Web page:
At that time in the Women's Hospital in Melbourne Between 1930 and 1933 inclusive, the hospital treated 4424 women for abortion, of whom a massive 1069 were septic ... No-one who ever saw a woman die of Cl. welchii infection ever forgot the horror of it ... The Women's was the place where 'all the abortions went', where 'they all died from gangrene'. The smell of the septic ward was notorious: all public hospitals had stinking gangrene wards, but only the Women's was talked about.

The Queen Victoria Hospital treated septic abortions also, but its image was always was always more ladylike and respectable. The abortion victims were all assumed to be 'tarts' or unmarried girls who had been tragically seduced; but most were married women who could not afford either financially or personally to have another baby.

59. THE HUMAN RIGHT TO DECIDE FOR HERSELF  BETRAYAL

Maternity can only be fairly and effectively protected when a woman is left in full possession of her rights as an adult human being. Neither marriage, nor pregnancy, nor childbirth, nor nursing a child are reasons for depriving her of the human right to decide for herself.

Muriel Heagney papers, State Library of Victoria

60. 1935 THEY WORKED FOR EQUAL PAY

Muriel Heagney said the reason she wrote Are Women Taking Men's Jobs, 1935, was to respond to ‘the current propaganda against women in industry, implying that women and girls were taking men's jobs and thereby becoming a contributory factor in general unemployment'.

61. 1937 THEY FORMED THE COUNCIL OF ACTION FOR EQUAL PAY

It activated the union movement and was instrumental in organising the first International Conference on Equal Pay (1938). Delegates to the Council of Action for Equal Pay (CAEP) sponsored Conference on Women and Children in Industry in Wartime, in August 1940, expressed strong disapproval of the emphasis that the Commonwealth Government was placing "on the need for voluntary unpaid work of women and girls in war services of an industrial character, whilst, at the same time, all our legislative and judicial authorities are completely ignoring the new special problems inherent in the socially necessary paid work of women and youths."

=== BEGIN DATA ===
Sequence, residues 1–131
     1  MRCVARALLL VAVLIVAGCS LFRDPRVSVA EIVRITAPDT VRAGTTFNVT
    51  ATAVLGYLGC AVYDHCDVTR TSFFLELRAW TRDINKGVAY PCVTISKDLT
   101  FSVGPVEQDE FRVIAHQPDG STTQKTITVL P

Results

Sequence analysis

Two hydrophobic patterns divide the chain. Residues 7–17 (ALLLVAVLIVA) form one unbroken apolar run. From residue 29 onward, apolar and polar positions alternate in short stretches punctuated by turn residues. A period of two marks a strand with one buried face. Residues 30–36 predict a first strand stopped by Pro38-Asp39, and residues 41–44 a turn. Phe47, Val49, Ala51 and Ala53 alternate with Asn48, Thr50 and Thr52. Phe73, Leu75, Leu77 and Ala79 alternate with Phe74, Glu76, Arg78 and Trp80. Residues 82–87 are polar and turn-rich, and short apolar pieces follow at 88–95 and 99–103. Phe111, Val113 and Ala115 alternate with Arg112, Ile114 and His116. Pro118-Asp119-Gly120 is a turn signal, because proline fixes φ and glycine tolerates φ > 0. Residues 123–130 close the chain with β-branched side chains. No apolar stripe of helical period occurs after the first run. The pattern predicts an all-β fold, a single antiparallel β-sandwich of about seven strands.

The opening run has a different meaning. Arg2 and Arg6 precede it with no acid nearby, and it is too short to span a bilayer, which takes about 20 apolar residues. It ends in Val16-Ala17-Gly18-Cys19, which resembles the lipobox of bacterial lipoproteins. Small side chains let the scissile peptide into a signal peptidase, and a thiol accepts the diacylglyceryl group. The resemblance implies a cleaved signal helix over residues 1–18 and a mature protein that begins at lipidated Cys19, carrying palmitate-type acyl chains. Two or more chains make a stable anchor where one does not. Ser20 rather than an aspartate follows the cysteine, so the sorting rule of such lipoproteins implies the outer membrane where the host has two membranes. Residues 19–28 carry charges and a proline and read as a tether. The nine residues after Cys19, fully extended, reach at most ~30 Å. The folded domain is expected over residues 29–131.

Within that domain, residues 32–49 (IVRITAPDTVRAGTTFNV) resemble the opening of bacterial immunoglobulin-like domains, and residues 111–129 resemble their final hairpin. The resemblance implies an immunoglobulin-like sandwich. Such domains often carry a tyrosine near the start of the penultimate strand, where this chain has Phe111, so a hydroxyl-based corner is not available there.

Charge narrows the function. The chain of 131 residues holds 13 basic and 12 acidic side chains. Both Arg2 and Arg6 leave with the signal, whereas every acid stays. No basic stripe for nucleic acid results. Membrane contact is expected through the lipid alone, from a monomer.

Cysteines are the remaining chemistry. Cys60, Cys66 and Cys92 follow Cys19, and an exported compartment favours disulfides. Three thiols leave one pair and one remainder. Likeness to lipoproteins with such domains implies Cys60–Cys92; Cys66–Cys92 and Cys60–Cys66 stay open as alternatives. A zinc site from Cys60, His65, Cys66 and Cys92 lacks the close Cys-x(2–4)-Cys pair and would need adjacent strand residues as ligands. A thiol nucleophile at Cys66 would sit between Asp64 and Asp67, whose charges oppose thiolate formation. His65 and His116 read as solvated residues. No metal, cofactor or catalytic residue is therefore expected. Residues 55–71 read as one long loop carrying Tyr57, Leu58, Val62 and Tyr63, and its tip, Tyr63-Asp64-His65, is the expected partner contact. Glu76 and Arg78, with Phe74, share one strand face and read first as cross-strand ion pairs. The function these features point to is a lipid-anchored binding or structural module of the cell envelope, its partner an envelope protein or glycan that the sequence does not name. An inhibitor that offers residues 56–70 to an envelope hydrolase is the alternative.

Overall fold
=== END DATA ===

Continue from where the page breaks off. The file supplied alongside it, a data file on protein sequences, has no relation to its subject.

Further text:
Elizabeth Windschuttle (ed) Women, Class and History Feminist Perspectives on Australia 1788-1978 Fontana/Collins 1980

The objective of the Council was "advocacy of the rate for the job irrespective of the sex of the workers, the elimination of sex differentials in legal industrial standards, the achievement of equal status and equality of opportunity for workers of either sex".

Edna Ryan and Anne Conlon, The Gentle Invaders Australian Women at Work 1788-1974 Nelson 1975 p.122

62. TEACHERS’ CONDITIONS BETRAYAL